7 Year Tea Party Winners: Susan Craft's winner of her trilogy novels - The Chamomile, Laurel, and Cassia is: Lucy Reynolds, The winner of a copy of The Backcountry Brides is: Tammy Cordery, the winner of a silver quill charm is: Kathy Maher, Choice of one of three books by Carrie Fancett Pagels in paperback: Joy Ellis, A Bouquet of Brides Collection by Pegg Thomas winner is: Becky Smith, Janet Grunst's Selah-Award winning novel, A Heart Set Free, is: Sherry Moe.

Friday, November 4, 2011

Tools of the Trade: Portraits ~ First Ladies

As a historical fiction author, the lives of those who came before us are especially meaningful. The lives of the first ladies of the 18th and early 19th centuries are intriguing, their strength to hold their families and marriages tightly bonded through adverse times is a legacy each woman should ponder.

In my novel, Beside Two Rivers, to be released in the fall of 2012, there are five female cousins to my heroine, Darcy Morgan. Darcy's name alone is irrevocably early American. Her cousins are all named after first ladies. Martha, Abigail, Dolly, Lizzy, and Louisa. Martha is the oldest, the most controlled of the five. Abigail is more outspoken. Dolly is young and demure. Lizzy shy but interested in gaining suitors. Louisa is reserved and not yet old enough to find affairs of the heart her pursuit. Darcy, on the other hand, possesses all of these qualities.

When planning a novel, I have a file of photos and paintings that reflect how I imagine my characters. This gives me a wonderful inner visual. Alongside the pictures I have the names of the characters and a few sentences about their personalities.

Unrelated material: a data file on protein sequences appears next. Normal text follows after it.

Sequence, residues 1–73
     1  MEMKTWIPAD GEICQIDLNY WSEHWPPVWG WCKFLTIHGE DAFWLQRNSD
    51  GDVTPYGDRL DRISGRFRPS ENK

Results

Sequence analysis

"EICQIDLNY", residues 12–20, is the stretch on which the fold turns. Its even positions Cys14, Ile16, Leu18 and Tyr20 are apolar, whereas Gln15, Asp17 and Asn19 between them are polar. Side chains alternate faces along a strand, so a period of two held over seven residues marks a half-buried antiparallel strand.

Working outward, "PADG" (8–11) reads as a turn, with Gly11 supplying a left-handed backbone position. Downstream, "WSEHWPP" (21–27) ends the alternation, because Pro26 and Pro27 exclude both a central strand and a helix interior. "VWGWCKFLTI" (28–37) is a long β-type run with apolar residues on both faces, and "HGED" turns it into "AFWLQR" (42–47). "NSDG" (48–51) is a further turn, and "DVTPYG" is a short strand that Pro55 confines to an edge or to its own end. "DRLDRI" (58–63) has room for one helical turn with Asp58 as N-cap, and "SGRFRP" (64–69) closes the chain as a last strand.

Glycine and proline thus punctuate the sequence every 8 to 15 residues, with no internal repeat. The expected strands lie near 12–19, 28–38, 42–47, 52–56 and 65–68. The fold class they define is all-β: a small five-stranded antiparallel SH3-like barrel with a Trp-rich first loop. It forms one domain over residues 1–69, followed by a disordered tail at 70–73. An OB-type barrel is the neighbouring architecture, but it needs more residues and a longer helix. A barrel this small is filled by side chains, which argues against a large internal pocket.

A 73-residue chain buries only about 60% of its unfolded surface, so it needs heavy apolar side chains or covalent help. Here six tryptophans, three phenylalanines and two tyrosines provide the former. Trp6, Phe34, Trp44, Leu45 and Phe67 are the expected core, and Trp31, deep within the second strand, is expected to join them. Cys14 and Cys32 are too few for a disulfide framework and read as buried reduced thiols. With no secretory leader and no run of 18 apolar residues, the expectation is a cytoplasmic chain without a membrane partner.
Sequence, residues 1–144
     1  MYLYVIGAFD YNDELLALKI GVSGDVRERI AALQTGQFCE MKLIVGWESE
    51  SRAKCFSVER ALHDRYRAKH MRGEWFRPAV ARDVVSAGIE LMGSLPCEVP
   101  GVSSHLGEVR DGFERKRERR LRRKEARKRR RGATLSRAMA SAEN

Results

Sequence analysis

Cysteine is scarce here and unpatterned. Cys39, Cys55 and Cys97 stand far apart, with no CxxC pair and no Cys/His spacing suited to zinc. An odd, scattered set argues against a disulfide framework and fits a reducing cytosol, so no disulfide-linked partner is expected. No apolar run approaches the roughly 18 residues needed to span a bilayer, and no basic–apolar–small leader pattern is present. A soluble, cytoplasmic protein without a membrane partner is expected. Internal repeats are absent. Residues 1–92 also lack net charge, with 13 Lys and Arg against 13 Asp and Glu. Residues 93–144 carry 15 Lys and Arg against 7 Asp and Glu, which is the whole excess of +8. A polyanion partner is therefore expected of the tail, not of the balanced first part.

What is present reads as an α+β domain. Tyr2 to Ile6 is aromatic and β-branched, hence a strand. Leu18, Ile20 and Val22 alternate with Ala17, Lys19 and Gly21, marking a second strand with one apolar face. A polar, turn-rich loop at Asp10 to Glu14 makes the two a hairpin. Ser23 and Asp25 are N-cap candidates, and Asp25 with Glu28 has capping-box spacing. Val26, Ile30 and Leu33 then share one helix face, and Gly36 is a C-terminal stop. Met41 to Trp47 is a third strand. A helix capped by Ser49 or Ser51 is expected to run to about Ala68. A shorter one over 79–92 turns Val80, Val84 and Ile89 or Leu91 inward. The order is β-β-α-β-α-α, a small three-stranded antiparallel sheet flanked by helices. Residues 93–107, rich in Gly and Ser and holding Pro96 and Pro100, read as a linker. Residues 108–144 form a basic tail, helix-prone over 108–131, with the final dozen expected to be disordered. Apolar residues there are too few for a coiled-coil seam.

Here are the finest portraits of the first ladies. They were all born during the Colonial Era and lived through the Revolution. Art has and will always be a source of research for writing historical fiction. These paintings inspire as well as educate a writer on clothing, hair style, and if you look closely demeanor.

Martha Washington

Abigail Adams

Dolly Madison

Elizabeth Monroe

Louisa Adams


  1. Thank you, Rita! I love using fine art for character inspiration. What a creative idea you have to have your gals named after these first ladies with personalities so unique.

  2. Beautiful post, Rita! Thanks so much for sharing this with us in the midst of your busy schedule. Love the portraits. I enjoyed learning more about Dolly Madison this summer at their estate.

  3. That is so interesting. That makes sense to have a file of photos & paintings that reflect how you perceive your characters. Downright genius! =)

  4. Rita has all kinds of neat information, Maggie Ann. BTW, I love your blog - I could not find a place to follow though, Maggie Ann!


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